Schwarzchild metric spherically symmetric space or s-t?

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This is probably a stupid question, but, is the Schwarzchild metric spherically symmetric just with respect to space or space-time?

Looking at the derivation, my thoughts are that it is just wrt space because the derivation is use of 3 space-like Killing vectors , these describe 2-spheres, and ##S^{2}## spheres foliate ##ℝ^{3}##...

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Timelike and spacelike separation are always different, and lightlike motion is different from a "diagonal line" in space. I don't see how anything could have a spherical symmetry in spacetime. The Schwarzschild metric is just symmetric in space.
 
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bcrowell
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Yes, it's just spatial. There is no useful notion of spherical symmetry in the sense of 3-spheres, because there is no useful notion of four-dimensional rotation. The closest thing we have to a rotation mixing space and time is actually a boost, and boosts are not the same as rotations.
 
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Thanks. And why the 3 spatial dimensions, why not 2 spatial and 1 time?
 
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bcrowell
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Thanks. And why the 3 spatial dimensions, why not 2 spatial and 1 time?
Could you clarify what the question is?
 
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Could you clarify what the question is?
Sorry, so we have a notion of 2-spheres that foliate 3-d space, but not 3-spheres that foliate 4-d space; why is the spherical symmetry of the Schwarzschild metric spatial , not, say 2 space dimentions and 1 time dimension?
 
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The time dimension is different from the spatial dimensions.
Did you ever see anything symmetric in time?
 
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The time dimension is different from the spatial dimensions.
Did you ever see anything symmetric in time?
Sorry I don't understand the question, Aren't flat space-time and de-sitter space-time maximally symmetric?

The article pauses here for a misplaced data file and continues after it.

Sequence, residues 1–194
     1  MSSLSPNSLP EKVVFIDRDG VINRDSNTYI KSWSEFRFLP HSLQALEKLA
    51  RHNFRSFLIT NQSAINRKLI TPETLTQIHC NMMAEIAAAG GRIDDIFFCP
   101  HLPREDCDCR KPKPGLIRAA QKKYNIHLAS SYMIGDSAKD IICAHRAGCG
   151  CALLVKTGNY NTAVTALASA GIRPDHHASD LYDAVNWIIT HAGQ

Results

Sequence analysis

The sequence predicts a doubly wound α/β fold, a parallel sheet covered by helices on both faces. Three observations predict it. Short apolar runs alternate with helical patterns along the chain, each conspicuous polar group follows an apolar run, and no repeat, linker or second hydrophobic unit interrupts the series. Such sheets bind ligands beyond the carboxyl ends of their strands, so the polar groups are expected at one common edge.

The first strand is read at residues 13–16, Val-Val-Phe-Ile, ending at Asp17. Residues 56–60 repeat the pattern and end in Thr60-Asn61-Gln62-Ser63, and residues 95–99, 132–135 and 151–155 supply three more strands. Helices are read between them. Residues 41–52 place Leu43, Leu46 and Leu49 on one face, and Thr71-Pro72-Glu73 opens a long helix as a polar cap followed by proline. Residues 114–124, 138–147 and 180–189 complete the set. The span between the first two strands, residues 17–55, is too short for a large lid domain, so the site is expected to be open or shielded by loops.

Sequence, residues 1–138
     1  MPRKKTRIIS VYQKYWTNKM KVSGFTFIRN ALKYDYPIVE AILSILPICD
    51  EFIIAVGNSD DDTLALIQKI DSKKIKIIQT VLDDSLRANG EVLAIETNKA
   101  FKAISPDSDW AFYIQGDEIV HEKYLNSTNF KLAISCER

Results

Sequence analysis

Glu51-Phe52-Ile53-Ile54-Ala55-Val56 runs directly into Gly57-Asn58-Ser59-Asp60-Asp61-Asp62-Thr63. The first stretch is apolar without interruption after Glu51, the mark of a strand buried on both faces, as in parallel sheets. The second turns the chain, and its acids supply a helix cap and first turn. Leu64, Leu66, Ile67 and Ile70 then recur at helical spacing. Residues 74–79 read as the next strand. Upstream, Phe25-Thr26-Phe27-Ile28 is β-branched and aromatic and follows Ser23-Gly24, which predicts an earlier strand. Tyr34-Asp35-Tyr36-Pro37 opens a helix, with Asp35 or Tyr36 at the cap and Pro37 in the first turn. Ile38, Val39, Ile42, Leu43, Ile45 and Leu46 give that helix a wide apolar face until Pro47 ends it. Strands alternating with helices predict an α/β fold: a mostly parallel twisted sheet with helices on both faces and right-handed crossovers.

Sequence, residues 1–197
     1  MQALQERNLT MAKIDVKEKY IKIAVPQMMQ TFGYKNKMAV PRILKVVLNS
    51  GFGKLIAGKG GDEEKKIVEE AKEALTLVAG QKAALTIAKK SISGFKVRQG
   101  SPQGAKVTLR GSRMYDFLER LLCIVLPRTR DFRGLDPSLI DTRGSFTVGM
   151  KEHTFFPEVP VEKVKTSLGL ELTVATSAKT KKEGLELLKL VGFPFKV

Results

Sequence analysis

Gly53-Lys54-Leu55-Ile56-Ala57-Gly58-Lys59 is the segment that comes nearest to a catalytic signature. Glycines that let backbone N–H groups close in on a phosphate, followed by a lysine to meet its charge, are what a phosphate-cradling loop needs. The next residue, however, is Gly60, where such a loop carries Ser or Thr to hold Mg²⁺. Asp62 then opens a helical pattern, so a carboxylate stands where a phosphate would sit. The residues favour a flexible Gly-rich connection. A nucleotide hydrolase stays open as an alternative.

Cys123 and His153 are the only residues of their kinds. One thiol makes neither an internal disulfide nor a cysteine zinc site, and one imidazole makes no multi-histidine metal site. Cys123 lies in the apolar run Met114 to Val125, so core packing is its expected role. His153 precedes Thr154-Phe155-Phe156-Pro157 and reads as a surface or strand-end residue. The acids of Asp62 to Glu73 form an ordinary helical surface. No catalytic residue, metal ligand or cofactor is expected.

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PeterDonis
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we have a notion of 2-spheres that foliate 3-d space, but not 3-spheres that foliate 4-d space
Sure we do; there are 4-d spacetimes (such as closed FRW spacetime) that are foliated by spacelike 3-spheres.
why is the spherical symmetry of the Schwarzschild metric spatial , not, say 2 space dimentions and 1 time dimension?
Because "spherical symmetry" means "there is a set of Killing vector fields closed under commutation and with closed integral curves". A spacetime that was "spherically symmetric in time" would have to have a set of such Killing vector fields with one of them being timelike. I'm not aware of any such spacetime, but even if there is one, it certainly is not Schwarzschild spacetime; Schwarzschild spacetime does have a timelike Killing vector field (at least, it does outside the horizon), but that Killing vector field does not have closed integral curves and its commutator with the spherical symmetry Killing vector fields (which are spacelike) is zero.

Aren't flat space-time and de-sitter space-time maximally symmetric?
"Maximally symmetric" does not mean "all the dimensions are the same". It means that those spacetimes have the maximum possible number of Killing vector fields (in 4-d spacetime, that number is 10). It does not mean that all of those Killing vector fields are the same as the ones that define spherical symmetry.

If you'll notice, I've thrown a bunch of jargon at you; that was deliberate. If you don't understand the terms I used above, I strongly suggest looking them up and taking the time to understand them. They are critical to a proper understanding of what "symmetry" in general and "spherical symmetry" in particular mean, and I think that understanding will help to answer your questions.
 
  • #10
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Sorry I don't understand the question, Aren't flat space-time and de-sitter space-time maximally symmetric?
Okay, to be more precise: Did you ever see anything symmetric, but not constant in time?
Or even worse, something that is symmetric in a time/space plane. How would such a concept even look like? Motion through time is always different from motion through space, so you always have a way to break the symmetry.
 

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